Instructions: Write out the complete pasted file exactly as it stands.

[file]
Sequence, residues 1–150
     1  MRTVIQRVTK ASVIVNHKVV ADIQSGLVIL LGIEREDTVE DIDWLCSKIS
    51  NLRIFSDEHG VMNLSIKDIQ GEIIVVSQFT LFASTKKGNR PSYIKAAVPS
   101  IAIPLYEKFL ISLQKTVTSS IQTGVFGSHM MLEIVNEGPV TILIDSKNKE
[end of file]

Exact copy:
Sequence, residues 1–150
     1  MRTVIQRVTK ASVIVNHKVV ADIQSGLVIL LGIEREDTVE DIDWLCSKIS
    51  NLRIFSDEHG VMNLSIKDIQ GEIIVVSQFT LFASTKKGNR PSYIKAAVPS
   101  IAIPLYEKFL ISLQKTVTSS IQTGVFGSHM MLEIVNEGPV TILIDSKNKE